You see, swimming isn’t just about splashing around in a pool. It’s a full-body workout that strengthens your muscles, enhances cardiovascular health, and brings a unique thrill of the swimmer’s high, all while being gentle on your joints.


Delving deeper into your fitness exploration, let’s turn our sights towards rowing. Much like running and swimming, Rowing is also a tremendous total-body workout. It’s an aerobic exercise that exceptionally engages your entire body from your shoulders down to your calves.

Your upper body muscles, especially the lats in your lower back, shoulders, triceps, and biceps gain substantial benefits from rowing. Don’t be surprised if your core starts craving attention too! Rowing imparts an excellent core workout, targeting your abs and obliques while you pivot backward and forward on each stroke.

Let’s drift our attention down to the lower body. You’ll feel the burn in your quads, glutes, and calves as they work in tandem to provide most of the power for each rowing stroke. As you can see, rowing isn’t just a game for your arms.

Employing the right form while rowing is paramount. It’s important to stay focused and maintain a steady rhythm. Practicing good posture with a straight back, locked core, and full range of motion on every stroke will catapult your performance. Remember, it’s not just about pulling hard, it’s about pulling smart!

Even though it’s non-impact, rowing is no cakewalk. Similar to swimming, it provides high calorie-burn owing to the water’s resistance. A moderate rowing session can burn around 500 calories an hour!

Just to give you an idea, here’s a comparison table:

ActivityCalories Burned Per Hour
Running700 – 800
Cycling500 – 600
Swimming500 – 700
Rowing420 – 500 (calm) / 700 – 800 (intense)

Elliptical Training

Let’s switch gears to something else on our list of exercises similar to running: Elliptical Training. An elliptical trainer is a stationary exercise machine that simulates stair climbing, walking, or running. It’s a non-impact cardio workout, meaning your feet don’t have to leave the pedals. This results in less strain on your joints while still affording a quality cardio workout.

By using an elliptical, you’re hitting the same hard-working muscles that see action during your runs. Glutes, quadriceps, hamstrings, calves and your anterior tibialis (the muscle in front of your shin) all get to join in on the action. Moreover, by utilizing the handles, you can get an upper body workout at the same time!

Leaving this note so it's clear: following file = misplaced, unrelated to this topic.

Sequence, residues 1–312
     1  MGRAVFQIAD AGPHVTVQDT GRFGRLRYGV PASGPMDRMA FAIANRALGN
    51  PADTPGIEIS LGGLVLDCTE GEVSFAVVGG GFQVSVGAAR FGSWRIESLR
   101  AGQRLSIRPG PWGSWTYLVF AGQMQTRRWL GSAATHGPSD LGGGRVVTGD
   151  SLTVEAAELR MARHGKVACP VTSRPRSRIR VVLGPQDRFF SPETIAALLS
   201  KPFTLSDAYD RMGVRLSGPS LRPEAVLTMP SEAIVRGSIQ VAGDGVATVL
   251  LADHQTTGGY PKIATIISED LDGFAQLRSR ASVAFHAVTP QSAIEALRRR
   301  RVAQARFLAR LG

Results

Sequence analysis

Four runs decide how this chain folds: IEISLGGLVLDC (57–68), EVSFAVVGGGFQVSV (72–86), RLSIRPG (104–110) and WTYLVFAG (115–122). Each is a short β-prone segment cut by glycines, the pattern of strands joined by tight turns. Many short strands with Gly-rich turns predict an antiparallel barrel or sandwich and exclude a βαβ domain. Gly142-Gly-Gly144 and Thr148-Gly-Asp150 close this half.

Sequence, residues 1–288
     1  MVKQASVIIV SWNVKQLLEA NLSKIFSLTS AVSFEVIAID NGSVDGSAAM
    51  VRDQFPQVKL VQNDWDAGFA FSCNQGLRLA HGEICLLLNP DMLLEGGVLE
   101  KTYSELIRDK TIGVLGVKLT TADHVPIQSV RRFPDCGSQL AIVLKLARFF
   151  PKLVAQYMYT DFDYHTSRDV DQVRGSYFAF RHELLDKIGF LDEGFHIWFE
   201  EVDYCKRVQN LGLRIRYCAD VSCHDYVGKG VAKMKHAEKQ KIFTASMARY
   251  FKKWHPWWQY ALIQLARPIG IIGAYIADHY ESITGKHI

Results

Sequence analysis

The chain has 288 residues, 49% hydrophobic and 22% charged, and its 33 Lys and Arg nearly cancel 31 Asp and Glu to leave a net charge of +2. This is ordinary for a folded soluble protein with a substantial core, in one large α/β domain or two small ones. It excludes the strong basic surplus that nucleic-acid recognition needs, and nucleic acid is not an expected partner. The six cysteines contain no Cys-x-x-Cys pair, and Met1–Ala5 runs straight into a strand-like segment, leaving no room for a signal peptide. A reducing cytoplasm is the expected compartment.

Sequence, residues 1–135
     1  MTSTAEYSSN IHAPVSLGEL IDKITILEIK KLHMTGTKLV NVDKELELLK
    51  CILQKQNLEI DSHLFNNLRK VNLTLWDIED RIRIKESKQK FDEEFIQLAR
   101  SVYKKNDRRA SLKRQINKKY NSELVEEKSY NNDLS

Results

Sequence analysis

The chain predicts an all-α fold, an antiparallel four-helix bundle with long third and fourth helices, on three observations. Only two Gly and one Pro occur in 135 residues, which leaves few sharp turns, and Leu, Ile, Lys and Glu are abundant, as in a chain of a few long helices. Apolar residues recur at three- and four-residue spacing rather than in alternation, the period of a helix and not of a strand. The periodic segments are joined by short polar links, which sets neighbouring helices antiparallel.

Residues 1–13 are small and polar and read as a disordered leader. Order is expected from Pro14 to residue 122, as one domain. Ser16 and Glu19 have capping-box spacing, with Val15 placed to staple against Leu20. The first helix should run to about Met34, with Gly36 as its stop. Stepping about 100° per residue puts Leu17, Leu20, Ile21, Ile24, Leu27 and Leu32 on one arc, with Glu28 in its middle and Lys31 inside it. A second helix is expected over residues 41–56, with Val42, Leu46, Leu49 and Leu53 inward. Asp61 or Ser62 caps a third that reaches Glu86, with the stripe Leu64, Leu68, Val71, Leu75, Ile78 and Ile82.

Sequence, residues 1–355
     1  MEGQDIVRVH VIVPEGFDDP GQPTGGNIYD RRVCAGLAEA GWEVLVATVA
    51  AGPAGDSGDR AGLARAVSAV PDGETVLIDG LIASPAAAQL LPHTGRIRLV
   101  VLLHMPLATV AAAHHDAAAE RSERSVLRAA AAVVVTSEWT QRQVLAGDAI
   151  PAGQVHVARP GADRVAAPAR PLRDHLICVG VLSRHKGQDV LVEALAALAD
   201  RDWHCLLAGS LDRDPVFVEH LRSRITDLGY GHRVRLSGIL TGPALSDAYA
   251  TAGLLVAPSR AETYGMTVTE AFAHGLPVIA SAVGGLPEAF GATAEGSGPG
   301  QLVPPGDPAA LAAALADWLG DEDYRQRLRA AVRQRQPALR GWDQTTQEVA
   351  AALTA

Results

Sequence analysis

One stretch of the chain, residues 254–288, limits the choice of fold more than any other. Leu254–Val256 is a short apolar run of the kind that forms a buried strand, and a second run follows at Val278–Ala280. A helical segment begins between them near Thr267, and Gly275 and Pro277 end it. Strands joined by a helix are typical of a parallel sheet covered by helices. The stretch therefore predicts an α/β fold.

The resistance and incline adjustments on an elliptical allow for varied workout intensities, which can mimic hilly or flat running terrain. What’s more, these adjustments help create a well-rounded workout that targets different muscle groups.

Aside from physical benefits, elliptical training can be a great mental break from running. You can use different routines, programs or intervals to switch it up. Keeping your workouts diverse and fresh can help keep your mind engaged and motivated.

There’s also a slew of perks to elliptical training from a calorie burn perspective. Just like with rowing, a moderate elliptical session can burn an average of about 600 calories per hour!

Let’s compare the calories burned per hour with running, cycling, swimming, and rowing in the table below:

ExerciseCalories Burned per Hour
Elliptical Training500-600


When you’re exploring exercises similar to running, you can’t overlook the benefits of hiking. Much like running, hiking is an intense cardio workout. It boosts your heart rate, aids in burning calories, and provides the mental refreshment that comes with a change of scenery.

Unlike running and elliptical training, hiking involves real-world outdoor challenges. This adds diversity and excitement to your fitness routine. Rocky terrain and varying inclines work your muscles differently with every step. Key muscle groups engaged in hiking include quads, hamstrings, glutes, and calves – just like running.

Exploring the picturesque views during a hike also helps alleviate stress and enhance mood, adding a unique mental well-being aspect to these workouts. Moreover, hiking at higher altitudes forces your body to work harder to deliver oxygen to your muscles. This naturally intensifies your workout, making it even more beneficial.

Regarding the number of calories burned, an hour of hiking can scorch upto 500 calories. However, this figure can vary based on specific factors like the intensity level, individual body weight, and the nature of the trail. Besides burning calories, hiking also promotes bone health as it is a weight-bearing exercise.